Federal Deficit

Each day the Research staff takes a look at recently released economic indicators, addressing what these indicators mean for REALTORS® and their clients. Today’s update discusses the federal deficit and interest rates.

  • In today’s data from the Treasury Department, the federal deficit is shrinking a bit, with revenue up and spending down this November, compared to November of last year.  Economic growth, though modest, and some job creation is leading to more revenue and a lessened need to spend on social programs.
  • $152 billion was collected by the Treasury in November, but the overall spending was about twice as high at $290 billion.  The monthly deficit was therefore $137 billion.  This time last year, revenue was $149 billion, while spending totaled $299 billion.
  • During the first two months of the new fiscal year (October and November), the deficit has shrunk by 20 percent to $235 billion versus $291 billion in the same period one year ago.
  • Even though reduction in the deficit is progress, the overall level of government borrowing is exceptionally high.  To spend about twice the amount of tax receipts collected is clearly not sustainable.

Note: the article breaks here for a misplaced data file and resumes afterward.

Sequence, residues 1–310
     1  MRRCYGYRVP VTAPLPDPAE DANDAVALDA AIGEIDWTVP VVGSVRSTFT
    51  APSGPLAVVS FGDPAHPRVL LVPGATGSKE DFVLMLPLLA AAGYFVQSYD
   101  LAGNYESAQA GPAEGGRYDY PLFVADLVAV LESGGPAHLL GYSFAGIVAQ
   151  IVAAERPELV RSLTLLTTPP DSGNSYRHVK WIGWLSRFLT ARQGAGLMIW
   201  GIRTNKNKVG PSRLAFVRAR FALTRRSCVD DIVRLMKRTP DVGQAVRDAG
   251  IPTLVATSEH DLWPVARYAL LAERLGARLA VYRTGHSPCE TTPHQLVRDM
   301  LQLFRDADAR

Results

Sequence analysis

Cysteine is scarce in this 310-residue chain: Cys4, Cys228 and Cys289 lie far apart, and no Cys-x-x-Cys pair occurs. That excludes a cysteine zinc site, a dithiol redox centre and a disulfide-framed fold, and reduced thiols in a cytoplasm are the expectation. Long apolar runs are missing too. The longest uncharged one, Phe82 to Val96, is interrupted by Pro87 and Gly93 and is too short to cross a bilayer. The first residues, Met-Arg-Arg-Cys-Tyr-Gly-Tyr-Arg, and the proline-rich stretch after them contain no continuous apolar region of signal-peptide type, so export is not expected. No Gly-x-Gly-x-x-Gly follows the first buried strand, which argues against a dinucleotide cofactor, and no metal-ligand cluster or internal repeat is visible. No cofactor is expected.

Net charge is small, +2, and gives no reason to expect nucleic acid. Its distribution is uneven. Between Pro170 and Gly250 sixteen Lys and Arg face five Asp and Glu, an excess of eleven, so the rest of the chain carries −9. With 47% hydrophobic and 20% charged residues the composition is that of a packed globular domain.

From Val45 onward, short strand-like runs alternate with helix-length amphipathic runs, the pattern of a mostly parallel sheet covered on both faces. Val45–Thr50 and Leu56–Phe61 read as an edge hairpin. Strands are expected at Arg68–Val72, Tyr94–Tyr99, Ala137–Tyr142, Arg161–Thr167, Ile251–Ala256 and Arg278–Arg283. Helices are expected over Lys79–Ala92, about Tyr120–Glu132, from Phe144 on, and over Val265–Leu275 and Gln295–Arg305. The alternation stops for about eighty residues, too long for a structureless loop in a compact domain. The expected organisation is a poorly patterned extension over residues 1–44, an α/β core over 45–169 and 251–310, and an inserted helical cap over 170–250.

• Because of the lack of borrowing demand in the private sector (many companies are flush with cash and have no need to borrow), high government borrowing has not pushed up interest rates.  Also many foreign investors and governments have readily supplied funds for the U.S. government to borrow at cheap rates.
  • At some point in future, interest rates will be less favorable if the deficit persists.  The only way to borrow would be for the U.S. government to offer higher interest rates.  That will also mean higher mortgage rates for consumers in the future.

Lawrence Yun, PhD., Chief Economist and Senior Vice President

Lawrence Yun is Chief Economist and Senior Vice President of Research at NAR. He directs research activity for the association and regularly provides commentary on real estate market trends for its 1 million REALTOR® members.

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